Prez Helo to Counter New Threats


It's a shame that this program is doing so poorly, but I guess we could all see it coming. I remember covering the competition a few years ago and the pitch was that the companies would have a new plane ready in time for Bush to fly off the South Lawn in it when he leaves office in January 2009.

Wishful thinking as usual.

Our friends at Av Week sent us an interesting story on new electronic defenses that're being put on the bird:

The VH-71 presidential replacement helicopter is going to bring with it classified capabilities, as well as some slightly more visible semi-secrets.

Perhaps highest on the classified list is the helicopter's protection from electronic attack. Program officials admit to it being hardened to electromagnetic pulses (EMP) generated by nuclear explosions. But they clam up when quizzed about the Pentagon's newer threats that include high-powered microwaves (HPM) that can be generated by non-nuclear means, including suitcase-sized devices such as those manufactured by the German firm Deihl.

"Nice try, but we're not going to discuss waveforms," says Capt. Donald Gaddis, the departing program manager and rear admiral candidate. A Defense Science Board report on directed energy weapons, circulated around the Pentagon starting last December, says that kinetic weapons may be replaced by HPM devices for "airborne-defeat of electronic systems."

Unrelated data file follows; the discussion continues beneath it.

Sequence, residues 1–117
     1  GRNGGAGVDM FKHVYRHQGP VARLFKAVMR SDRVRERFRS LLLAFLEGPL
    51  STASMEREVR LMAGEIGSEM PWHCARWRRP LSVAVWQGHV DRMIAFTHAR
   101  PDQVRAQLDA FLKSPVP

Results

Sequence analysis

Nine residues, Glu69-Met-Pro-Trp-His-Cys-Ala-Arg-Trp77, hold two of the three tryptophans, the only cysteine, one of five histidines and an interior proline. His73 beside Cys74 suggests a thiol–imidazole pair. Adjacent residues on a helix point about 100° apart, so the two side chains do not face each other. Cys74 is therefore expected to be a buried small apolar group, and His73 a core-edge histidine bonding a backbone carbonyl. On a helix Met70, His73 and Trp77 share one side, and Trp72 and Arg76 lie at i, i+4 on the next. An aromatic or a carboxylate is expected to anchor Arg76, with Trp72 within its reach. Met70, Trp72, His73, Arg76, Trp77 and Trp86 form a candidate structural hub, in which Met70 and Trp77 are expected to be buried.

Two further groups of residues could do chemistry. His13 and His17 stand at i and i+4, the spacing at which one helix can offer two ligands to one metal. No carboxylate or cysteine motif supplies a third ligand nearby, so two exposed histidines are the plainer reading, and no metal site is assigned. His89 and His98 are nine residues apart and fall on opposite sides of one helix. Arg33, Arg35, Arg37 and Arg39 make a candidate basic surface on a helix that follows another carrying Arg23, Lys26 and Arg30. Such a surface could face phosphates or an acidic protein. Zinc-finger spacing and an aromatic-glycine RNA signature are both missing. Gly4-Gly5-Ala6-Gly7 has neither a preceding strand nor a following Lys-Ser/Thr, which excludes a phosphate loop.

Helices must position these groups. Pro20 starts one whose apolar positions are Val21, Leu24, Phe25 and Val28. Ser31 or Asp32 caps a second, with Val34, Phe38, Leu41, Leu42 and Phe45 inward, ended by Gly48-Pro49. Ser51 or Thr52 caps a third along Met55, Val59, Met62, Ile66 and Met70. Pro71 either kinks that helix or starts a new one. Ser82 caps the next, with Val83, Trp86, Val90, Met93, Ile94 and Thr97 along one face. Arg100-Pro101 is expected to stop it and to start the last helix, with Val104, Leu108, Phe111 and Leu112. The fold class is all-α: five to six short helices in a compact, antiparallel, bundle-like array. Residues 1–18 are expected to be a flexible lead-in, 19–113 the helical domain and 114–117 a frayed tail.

That can be applied two ways -- airborne HPM devices to disable air-to-air and ground-to-air missiles, ground vehicles, aircraft and helicopters; or ground-based weapons that serve as anti-aircraft and anti-missile systems. The report also urges the director of the Defense Intelligence Agency to undertake a program to "discover and assess emerging laser and high-power microwave capabilities available to the full range of potential adversaries. HPM could be used to disrupt electro-optical sensors and onboard electronic elements of surveillance and reconnaissance systems.

In addition, disruption of computer-based assets, perhaps without knowledge of the cause, is possible." One of the crucial capabilities of the AgustaWestland-designed VH-71 is the advanced communications system that ensures very important persons such as the president and cabinet members can talk to any government agency or organization at any time. A communications manager can ensure datalink connections (including UHF satcom, ARC-244 FM high-powered radio, Inmarsat commercial satellite and voice-over-Internet-protocol) to any of the 14 passenger positions.

Read the rest of this story and other interesting tidbits on Canadian tanks, French tanks and NorGrum's LHD-8 delay from our Aviation Week friends on

-- Christian

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